Rubbish in, rubbish out. The art of asking the right questions
My three-year old has just hit the “why” stage.
“Where are we going mummy?”
“To the shops.”
“To get some milk.”
“But why are we getting some milk?”
“Because we’ve run out.”
“Why have we run out?”
You get the drift.
While these clarifying questions can make for a frustrating car ride, I love the fact that kids have such curious natures, and these seemingly inane lines of questioning help them make sense of the world.
Why is the why important?
The ability to ask the right questions is an essential life skill. It can help us build better relationships, make better decisions and prevent us from jumping to the wrong conclusion.
One can’t help but wonder whether the heat currently being felt by the AMP and CBA boards could have been avoided if the directors had been more forthcoming with questions to management about the various practices that have since been uncovered by the Royal Commission.
A critical learning for me personally from the Australian Institute of Company Directors course I attended in Rottnest earlier this year was the need for directors to exercise constructive scepticism and independent thought.
Directors are individually liable for the collective decisions they make as a Board; there is no room for complacency.
I seem to be drawn to careers built on asking questions.
I spent seven years working as a journalist (don’t hold it against me), mostly in London writing about financial markets, and upon returning to Australia found myself working for CoreData, a market research consultancy (where I remain today, nearly nine years on).
In both of these professions, the interviewer can be just as influential as the interviewee in determining the quality of the output.
As a researcher, the ability to frame the right question is right up there with data accuracy in terms of importance.
The companies we work with rely on our ability to tease the right information out of people, in the most objective way possible.
The way the questions are framed is a critical piece in the market research puzzle.
Common qualitative research techniques
If you’re conducting qualitative research via focus groups or in-depth interviews, it’s important to use an experienced moderator.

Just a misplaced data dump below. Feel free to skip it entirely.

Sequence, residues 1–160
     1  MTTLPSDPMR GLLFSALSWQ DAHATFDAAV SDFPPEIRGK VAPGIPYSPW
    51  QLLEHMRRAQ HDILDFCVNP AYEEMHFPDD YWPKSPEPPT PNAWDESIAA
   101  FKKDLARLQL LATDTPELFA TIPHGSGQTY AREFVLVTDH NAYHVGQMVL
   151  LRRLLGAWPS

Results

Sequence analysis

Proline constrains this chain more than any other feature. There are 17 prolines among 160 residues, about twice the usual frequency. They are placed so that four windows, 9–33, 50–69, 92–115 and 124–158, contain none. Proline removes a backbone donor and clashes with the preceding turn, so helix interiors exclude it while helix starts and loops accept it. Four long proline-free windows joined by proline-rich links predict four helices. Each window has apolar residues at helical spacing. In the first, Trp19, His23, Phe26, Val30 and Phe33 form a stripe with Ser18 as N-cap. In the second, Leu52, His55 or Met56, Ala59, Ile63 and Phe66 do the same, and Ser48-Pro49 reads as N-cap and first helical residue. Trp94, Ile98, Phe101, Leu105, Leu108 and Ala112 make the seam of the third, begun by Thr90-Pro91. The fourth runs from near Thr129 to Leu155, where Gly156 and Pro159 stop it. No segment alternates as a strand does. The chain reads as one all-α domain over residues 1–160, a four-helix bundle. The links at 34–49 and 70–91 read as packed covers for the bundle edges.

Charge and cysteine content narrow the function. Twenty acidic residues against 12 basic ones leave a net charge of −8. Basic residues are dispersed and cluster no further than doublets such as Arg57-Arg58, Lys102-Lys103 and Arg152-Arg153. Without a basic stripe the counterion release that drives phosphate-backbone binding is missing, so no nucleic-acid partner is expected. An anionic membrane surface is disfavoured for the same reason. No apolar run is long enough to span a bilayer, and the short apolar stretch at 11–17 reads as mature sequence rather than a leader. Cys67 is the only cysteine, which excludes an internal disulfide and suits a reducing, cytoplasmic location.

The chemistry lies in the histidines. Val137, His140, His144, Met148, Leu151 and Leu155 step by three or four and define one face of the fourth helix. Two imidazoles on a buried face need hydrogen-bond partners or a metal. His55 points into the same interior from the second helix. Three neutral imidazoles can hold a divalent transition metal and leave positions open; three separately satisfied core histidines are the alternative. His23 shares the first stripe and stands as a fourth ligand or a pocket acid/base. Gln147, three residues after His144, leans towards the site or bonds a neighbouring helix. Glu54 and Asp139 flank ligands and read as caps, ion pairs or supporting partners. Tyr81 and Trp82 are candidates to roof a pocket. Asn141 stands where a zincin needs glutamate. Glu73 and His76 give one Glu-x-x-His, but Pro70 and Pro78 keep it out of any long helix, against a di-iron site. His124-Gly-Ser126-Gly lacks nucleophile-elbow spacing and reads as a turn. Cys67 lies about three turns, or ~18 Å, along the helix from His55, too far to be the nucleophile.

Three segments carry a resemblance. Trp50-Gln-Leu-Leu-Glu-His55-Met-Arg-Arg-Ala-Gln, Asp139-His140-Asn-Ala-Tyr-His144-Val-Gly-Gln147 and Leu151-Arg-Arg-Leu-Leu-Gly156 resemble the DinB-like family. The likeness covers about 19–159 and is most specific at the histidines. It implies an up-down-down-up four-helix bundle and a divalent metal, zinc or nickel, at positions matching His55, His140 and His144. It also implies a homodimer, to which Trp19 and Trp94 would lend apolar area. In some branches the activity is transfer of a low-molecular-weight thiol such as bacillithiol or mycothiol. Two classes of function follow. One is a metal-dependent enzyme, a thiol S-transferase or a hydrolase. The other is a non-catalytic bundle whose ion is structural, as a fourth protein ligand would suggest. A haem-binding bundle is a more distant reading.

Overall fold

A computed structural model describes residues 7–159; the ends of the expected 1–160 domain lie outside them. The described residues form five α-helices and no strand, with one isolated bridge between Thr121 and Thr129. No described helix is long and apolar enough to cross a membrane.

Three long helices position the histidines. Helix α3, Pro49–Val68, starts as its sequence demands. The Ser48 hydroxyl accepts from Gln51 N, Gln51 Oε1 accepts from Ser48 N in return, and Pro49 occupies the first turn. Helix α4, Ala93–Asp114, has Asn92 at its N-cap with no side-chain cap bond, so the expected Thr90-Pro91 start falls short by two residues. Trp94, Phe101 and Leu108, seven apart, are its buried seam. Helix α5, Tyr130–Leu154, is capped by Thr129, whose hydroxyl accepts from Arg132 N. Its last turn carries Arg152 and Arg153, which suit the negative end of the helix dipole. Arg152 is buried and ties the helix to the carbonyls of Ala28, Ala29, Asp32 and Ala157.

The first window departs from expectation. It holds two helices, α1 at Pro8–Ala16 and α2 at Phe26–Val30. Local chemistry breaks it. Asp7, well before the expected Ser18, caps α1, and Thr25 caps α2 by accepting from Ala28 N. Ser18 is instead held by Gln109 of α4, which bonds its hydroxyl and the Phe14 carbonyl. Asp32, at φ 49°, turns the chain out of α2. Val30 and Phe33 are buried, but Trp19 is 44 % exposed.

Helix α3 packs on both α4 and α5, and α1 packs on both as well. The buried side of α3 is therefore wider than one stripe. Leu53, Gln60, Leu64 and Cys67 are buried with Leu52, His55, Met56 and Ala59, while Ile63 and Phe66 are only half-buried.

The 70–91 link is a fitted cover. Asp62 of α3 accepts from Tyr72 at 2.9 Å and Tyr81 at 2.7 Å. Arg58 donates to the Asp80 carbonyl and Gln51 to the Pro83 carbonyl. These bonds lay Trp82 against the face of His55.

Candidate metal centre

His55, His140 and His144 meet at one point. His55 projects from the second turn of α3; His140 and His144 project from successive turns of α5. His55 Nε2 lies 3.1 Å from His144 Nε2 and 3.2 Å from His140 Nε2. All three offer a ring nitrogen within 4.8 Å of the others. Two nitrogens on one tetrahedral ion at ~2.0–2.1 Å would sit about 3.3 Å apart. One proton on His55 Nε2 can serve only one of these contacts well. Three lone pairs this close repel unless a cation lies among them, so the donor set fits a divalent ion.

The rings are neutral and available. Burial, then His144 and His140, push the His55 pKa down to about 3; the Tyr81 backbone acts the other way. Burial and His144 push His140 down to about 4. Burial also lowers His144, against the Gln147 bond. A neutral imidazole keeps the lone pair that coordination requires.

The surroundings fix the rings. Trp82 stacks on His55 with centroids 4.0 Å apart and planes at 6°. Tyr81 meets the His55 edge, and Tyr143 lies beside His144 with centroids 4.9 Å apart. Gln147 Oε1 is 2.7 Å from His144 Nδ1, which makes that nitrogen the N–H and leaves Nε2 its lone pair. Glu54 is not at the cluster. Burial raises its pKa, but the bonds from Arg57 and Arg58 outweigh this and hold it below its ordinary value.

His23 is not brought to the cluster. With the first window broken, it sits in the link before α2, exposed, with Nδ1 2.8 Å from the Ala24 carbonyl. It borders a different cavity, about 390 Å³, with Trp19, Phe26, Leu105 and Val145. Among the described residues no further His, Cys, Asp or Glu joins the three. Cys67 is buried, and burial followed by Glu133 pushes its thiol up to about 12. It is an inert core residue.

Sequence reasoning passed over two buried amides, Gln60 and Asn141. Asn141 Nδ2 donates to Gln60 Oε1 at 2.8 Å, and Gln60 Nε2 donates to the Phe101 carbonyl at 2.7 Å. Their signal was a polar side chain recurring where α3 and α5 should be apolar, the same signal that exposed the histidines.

Good focus group moderators and interviewers should be able to think on their feet, explore ideas raised by individuals in the group via probing, and guide the discussion effectively – without introducing any personal bias.
Often facilitators will use examples or cues to trigger participants' memories. For example, by asking them to think back to specific events and walk through their experience, you are getting them to relive what they felt and thought at the time.
Using a non-directive style, combined with projective interviewing techniques, the moderator can develop a deeper understanding of underlying consumer motivations, exploring the subconscious feelings, beliefs and desires that drive their decision-making.
Some of the most important roles of the focus group moderator include:
- Preventing group think
- Ensuring the discussion is ordered and flows
- Probing to uncover underlying motivational drivers
- Recognising socially desirable answers
- Moving on when a topic is exhausted
- Gauging participants’ moods effectively
- Showing genuine interest in responses
- Ensuring everyone's voice is heard
- Treading carefully when dealing with sensitive issues
- Using self-disclosure effectively
- Using simple, easy-to-understand language
- Encouraging diversity of thought by making it clear everyone's opinion is valid
- Avoiding favouritism among participants
- Building rapport quickly
- Practising active listening
- Politely controlling dominant members
Dealing with dominance
In every group, there will be a dominant participant. You can usually tell which person it’s going to be by where they sit; more often than not, they’ll place themselves right next to the moderator.
One technique for controlling dominant participants and engaging quieter participants is establishing a ‘go round’ procedure of asking questions to the whole group in turn. This demonstrates to those more reluctant to speak up that they will be expected to speak and can predict when this will happen to mentally prepare themselves.
Similarly, it lets dominant participants know everyone’s opinion will be sought – not just the loudest voice. Following an ordered process when putting questions to the group means you are able to shift to the next participant without seeming rude.
It usually helps to identify the more dominant participants early and give them a chance to say what’s on their mind and recognise their contribution. This can reduce their anxiety to be heard.
Asking the right questions is an art, not a science. Doing it well allows us to make better, evidence-based decisions – which at the end of the day are the only type of decisions we should be making.
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